Drummer Lee Rigby – the work of assassins?

The horrendous actions of Michael Adebowale and Michael Adebolajo when they viciously murdered Royal Fusiliers Drummer, Lee Rigby, have caused a huge amount of public outrage over the crime and appropriate expression of  sympathy to members of our Armed Services.

I remember Woolwich Barracks quite well. I attended my first interviews to join the Army there in 1975. My father was a Corporal in the Royal Fusiliers at the end of WWII.

Like many others, I found it both disturbing and confusing that both the attackers waited for police to arrive on the scene, photographed what they had done and posed for cameras and videos with members of the public who were at the scene. I also found it strange that as supposed ‘terrorists’ they attacked no other people than Drummer Rigby and actually allowed people to attend to him where he lay dead, or dying, in the street.

The actions of the attackers reminded me of something I had read about many years ago, something about assassins, where the expression first came from and I realised that the actions of these two murderers seemed to be consistent with a type of Islamic doctrine that dates back to the 11th Century.

At this time, a popular devotee of Islam, called Hassan i Sabbah, used his fame and wealth to found an order called the Assassins. It is said that he did this for his own political and personal gain, and to create a means to maintain that position through the use of fear and violence.


Sabbah, who died in 1124, fought with other Muslims and invading Crusaders from Europe. He set up a fortress at Alamut, now in north-western Iran and then employed his highly trained agents to intimidate local populations. The members of Sabbah’s agency of Assassins had a hierarchy which ranged from the high-ranking ‘Propagandists’ through the middle ranking ‘Rafiqs’ or ‘Companions’, down to the ‘Lasiqs’ who were trained as killers and who were later called the ‘Fida’i’ , the self-sacrificing agents.

There was mystery at the time as to how Sabbah was able to persuade the Fida’i to sacrifice their own lives for his causes and to obey his will without question. It was said that Sabbah used to drug his followers with hashish and then show them a garden paradise filled with attractive young maidens and beautiful plants that awaited them. He would then claim that only he had the means to enable them to return to the known world and that, should they be killed while doing his will that their destiny would be to return to the garden paradise. It was believed that Sabbah was possessed of magical powers that enabled him to do this, a belief that caused his follows to obey his will without question.

Another trick used to convince his trainees was to bury a member of the Fida’i up to his neck in the ground at the foot of the leader’s throne. The exposed head of the man would then be covered with blood. Pupil Fida’i would be invited to speak to the head of the ‘dead’ assassin and Sabbah would then use his special powers to enable the head to talk back to the assembled listeners. The talking head would then tell the assembled Fida’i about the paradise that awaited them after death if they gave their all to the cause.

After the pupils had departed, Sabbah would have the poor actor killed, he would be beheaded, and then his head would be placed on a stake in order that the pupils might be reminded that they had indeed been allowed an audience with a Fida’i who was now in paradise.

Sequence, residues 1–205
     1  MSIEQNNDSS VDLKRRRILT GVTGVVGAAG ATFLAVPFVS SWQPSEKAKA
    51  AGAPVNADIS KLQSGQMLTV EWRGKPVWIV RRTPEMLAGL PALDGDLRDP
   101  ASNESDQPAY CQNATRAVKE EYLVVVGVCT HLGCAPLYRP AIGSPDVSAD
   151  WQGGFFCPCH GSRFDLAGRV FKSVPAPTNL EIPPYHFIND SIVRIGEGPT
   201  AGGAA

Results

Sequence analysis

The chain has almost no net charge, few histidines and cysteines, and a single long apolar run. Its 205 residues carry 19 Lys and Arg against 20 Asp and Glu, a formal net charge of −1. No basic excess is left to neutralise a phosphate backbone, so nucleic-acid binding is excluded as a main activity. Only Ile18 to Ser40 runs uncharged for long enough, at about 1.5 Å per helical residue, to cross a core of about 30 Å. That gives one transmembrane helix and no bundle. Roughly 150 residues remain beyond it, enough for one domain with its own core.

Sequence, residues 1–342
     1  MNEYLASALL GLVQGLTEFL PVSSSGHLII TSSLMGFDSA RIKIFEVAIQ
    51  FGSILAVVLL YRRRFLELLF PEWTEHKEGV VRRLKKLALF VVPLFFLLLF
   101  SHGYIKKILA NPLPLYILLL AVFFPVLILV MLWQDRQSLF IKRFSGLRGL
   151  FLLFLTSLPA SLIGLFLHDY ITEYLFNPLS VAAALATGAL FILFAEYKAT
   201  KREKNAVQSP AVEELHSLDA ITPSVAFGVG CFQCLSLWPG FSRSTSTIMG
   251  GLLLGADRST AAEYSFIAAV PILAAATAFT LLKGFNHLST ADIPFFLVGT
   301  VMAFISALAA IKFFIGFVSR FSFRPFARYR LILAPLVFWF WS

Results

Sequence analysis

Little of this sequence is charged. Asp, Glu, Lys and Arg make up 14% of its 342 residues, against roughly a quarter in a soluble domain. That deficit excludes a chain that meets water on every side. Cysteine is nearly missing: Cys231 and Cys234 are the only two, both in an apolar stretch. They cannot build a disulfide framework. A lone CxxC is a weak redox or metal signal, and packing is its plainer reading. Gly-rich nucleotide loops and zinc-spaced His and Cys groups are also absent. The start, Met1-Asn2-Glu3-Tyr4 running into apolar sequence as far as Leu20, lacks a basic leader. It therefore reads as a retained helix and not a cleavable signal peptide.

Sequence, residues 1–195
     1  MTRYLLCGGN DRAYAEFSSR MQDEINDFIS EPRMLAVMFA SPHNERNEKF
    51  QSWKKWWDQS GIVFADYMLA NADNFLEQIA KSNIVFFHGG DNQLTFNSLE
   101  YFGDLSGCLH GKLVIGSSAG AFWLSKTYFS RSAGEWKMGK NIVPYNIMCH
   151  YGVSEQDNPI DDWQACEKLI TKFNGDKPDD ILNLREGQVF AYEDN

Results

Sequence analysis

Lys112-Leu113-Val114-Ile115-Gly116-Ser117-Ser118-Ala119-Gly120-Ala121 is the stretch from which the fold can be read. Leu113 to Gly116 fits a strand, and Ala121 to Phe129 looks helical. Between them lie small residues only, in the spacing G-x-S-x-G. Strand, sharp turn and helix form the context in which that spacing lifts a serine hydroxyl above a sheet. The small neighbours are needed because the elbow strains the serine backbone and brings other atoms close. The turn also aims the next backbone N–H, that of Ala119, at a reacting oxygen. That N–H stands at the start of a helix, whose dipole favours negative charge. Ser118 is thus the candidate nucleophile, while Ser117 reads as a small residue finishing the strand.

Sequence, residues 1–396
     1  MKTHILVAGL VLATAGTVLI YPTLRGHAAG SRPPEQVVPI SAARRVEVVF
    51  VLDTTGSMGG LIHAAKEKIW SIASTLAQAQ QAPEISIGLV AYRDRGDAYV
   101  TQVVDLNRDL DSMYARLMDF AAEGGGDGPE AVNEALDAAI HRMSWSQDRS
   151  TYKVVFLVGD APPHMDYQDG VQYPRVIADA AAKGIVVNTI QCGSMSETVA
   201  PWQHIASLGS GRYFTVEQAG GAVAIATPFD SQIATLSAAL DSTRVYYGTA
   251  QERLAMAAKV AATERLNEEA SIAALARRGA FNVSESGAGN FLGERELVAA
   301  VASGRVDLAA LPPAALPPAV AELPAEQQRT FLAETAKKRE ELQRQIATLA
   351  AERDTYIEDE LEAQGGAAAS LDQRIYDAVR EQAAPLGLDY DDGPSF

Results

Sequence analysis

Using the Fida’i, Sabbah began to order killings of rival politicians and military leaders. These Assassins, as they became known, were taught to only kill their target and not to attack ordinary citizens to whom they tended not to be hostile. They were trained in the art of combat and in the study of religion, all believing that they were on a ‘jihad’ and were religious warriors.

To reach their targets, the Fida’i had to be both cunning and resourceful. They were generally young as many attacks required them to demonstrate physical strength and stamina. Many were recruited from enemy countries where their familiarity with the language and customs would enable them to infiltrate more easily.

Murders of religious and political adversaries were usually conducted in full view of the public, so as to instill terror in their foes. Civilians were never targeted, the argument being that it would cause strife and discord and lead to the ruination of the reputation that the Fida’i had created for itself.

Assassinations were mostly carried out using a dagger, which was sometimes tipped with poison. Sometimes, the target would not be killed, the desired objective being achieved by leaving a note, together with a dagger, in a place such as a personal bedroom, where the ‘victim’ would know what could have happened should the assassin have desired it.

Almost all Fida’i attacks were suicide missions, particularly if the target were to die in a public place. But in no circumstances were the attackers allowed to commit suicide, preferring to be killed by their captors.

At their peak, many assassination type murders of the day were attributed to the Fida’i. Other factions, including the Crusaders, used such methods, but the fact that the Fida’i operated in public and often in broad daylight, brought them a special reputation.

The Assassins were finally killed off by the Mongol Empire, when their home at Alamut was destroyed in the 13th Century. But the ideas Sabbah created, the methodology behind such murders and the idea of a paradise that awaited those that participated still exists into modern times.

I would never be minded to suggest that this serves in any way to explain the horrendous actions of these two murderers at Woolwich. But the coincidence, as to the way the Fida’i were taught and the way that these two men acted, I find inescapable.

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